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Cubs can’t stop Cardinals from extending winning streak to 15

The Cubs’ 8-5 loss was decided by late-inning baserunning, good and bad.

St Louis Cardinals v Chicago Cubs
Tommy Edman turns a double play in the second inning as David Bote tries to break it up Saturday at Wrigley Field.
Quinn Harris/Getty Images

A quality start from Adrian Sampson and back-to-back two-run innings in the third and fourth from the offense weren’t enough for the Cubs to stop the Cardinals from winning their franchise-record 15th consecutive game Saturday.

The Cubs’ 8-5 loss was decided by late-inning baserunning, good and bad.

For the bad, David Bote led off the eighth with a triple with the Cardinals leading 5-4 and the Cubs a virtual shoo-in to tie the score. Trayce Thompson walked to put runners on the corners with no outs, but Sergio Alcantara struck out and Rafael Ortega hit into a 3-2-5-4-2-8-6 double play.

If it helps in trying to picture what that looked like, at one point, Cardinals catcher Yadier Molina was running with the ball between third and second.

‘‘David’s gotta stand there a little bit longer early on, give those guys a chance to get into scoring position on the backside,’’ manager David Ross said of the rundown. ‘‘There’s a lot going on there, but you’ve got to commit to the next base.’’

Cardinals center fielder Harrison Bader provided the good baserunning in the ninth. He hit a one-out double to left, stole third, then slid past pitcher Tommy Nance’s tag on a wild pitch to put the Cardinals up 6-4. Paul DeJong followed with a two-run home run.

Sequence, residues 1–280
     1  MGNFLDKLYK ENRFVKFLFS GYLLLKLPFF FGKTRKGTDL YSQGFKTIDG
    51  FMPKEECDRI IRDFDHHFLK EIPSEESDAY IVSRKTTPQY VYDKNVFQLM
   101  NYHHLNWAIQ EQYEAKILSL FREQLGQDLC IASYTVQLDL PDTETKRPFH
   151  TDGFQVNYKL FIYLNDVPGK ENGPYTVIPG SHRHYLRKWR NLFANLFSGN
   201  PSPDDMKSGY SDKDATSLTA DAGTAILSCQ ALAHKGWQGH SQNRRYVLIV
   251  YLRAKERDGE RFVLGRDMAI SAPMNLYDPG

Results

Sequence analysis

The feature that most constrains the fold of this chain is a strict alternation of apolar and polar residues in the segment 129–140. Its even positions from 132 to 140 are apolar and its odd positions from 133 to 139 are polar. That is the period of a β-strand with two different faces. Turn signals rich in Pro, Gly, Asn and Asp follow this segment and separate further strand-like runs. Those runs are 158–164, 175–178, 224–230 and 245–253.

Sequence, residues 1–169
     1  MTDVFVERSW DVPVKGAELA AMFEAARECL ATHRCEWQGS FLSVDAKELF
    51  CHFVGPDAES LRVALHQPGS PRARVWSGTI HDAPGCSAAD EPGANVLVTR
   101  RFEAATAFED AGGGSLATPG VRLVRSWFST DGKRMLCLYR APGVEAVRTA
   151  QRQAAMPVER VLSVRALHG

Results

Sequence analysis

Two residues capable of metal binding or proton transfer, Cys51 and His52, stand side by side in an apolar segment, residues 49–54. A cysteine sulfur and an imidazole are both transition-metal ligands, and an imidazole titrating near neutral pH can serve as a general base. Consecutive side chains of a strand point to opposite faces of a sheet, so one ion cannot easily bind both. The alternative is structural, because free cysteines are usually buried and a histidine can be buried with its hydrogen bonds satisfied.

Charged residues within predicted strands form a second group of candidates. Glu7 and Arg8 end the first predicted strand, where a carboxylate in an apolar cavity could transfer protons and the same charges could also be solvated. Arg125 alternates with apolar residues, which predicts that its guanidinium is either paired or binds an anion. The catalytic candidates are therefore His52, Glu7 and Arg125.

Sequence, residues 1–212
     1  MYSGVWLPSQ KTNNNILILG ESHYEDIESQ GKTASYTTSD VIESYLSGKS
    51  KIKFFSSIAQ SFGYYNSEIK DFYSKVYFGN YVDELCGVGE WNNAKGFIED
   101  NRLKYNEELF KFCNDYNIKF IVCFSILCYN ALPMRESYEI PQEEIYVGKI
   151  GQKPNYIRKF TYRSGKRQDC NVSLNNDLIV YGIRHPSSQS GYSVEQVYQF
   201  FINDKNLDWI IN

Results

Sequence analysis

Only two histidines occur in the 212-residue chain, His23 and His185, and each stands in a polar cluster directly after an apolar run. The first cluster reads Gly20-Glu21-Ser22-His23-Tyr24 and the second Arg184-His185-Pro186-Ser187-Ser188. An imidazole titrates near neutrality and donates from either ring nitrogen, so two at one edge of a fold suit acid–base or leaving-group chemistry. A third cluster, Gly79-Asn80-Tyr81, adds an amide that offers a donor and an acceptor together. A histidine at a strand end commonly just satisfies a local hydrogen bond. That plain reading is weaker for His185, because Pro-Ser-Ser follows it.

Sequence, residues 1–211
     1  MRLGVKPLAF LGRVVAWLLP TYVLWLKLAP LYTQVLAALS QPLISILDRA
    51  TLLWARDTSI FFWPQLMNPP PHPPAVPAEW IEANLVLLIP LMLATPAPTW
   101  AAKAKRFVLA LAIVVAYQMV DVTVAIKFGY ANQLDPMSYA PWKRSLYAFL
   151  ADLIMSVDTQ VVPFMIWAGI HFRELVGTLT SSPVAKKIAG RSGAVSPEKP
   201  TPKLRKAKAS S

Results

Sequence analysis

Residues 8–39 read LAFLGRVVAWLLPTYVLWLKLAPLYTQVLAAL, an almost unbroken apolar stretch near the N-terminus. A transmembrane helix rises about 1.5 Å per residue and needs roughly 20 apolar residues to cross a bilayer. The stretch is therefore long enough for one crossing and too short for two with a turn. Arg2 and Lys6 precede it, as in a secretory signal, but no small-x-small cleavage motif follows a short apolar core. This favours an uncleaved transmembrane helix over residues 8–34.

‘‘We gotta hold him tight and be quicker to the plate for [catcher Willson Contreras] in those moments,’’ Ross said.

Ian Happ hit a solo homer to center in the ninth, his 24th round-tripper of the season. That tied the career high he set as a rookie in 2017.

Evaluating young arms

One of the main puzzle pieces for the 2022 Cubs will be the pitching staff. While the offense surprisingly has performed better as a group since three core pieces were traded at the deadline, the pitchers have had the second-highest ERA (6.56) since July 31.

Some of that has been because there are so many young arms on the staff. The Cubs have had eight pitchers make their major-league debuts this season.

But one of the silver linings to a losing season is that the Cubs’ coaching staff has been able to test different things with guys such as Adbert Alzolay, Justin Steele and Keegan Thompson.

‘‘To truly evaluate anybody, you have to put them in a multitude of situations,’’ pitching coach Tommy Hottovy said.

In the minors, pitchers are typically on regimented schedules for when and how they are used. That’s done to protect them from undue wear-and-tear while they’re developing, but it can make figuring out what they are fully capable of a little tricky.

‘‘A lot of the younger guys we’re evaluating up to the last day, the last outing,’’ Hottovy said. ‘‘So a lot of things we’re putting together for the young guys also are things we want them to focus on in this offseason.

‘‘That’s maybe pitch usage or trying to get better in certain areas. Sometimes it’s getting stronger or getting more reps in.’’

Hoerner a late scratch

Nico Hoerner was slated to start at shortstop and bat eighth, but he was a late scratch because of general soreness. The Cubs said the move was precautionary because Hoerner has dealt with injuries all season.